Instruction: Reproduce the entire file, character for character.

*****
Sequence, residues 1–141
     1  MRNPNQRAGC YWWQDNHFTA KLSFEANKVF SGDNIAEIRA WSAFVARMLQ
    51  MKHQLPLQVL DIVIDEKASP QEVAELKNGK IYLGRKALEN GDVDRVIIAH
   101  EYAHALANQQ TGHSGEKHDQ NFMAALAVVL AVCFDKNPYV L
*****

Sequence, residues 1–141
     1  MRNPNQRAGC YWWQDNHFTA KLSFEANKVF SGDNIAEIRA WSAFVARMLQ
    51  MKHQLPLQVL DIVIDEKASP QEVAELKNGK IYLGRKALEN GDVDRVIIAH
   101  EYAHALANQQ TGHSGEKHDQ NFMAALAVVL AVCFDKNPYV L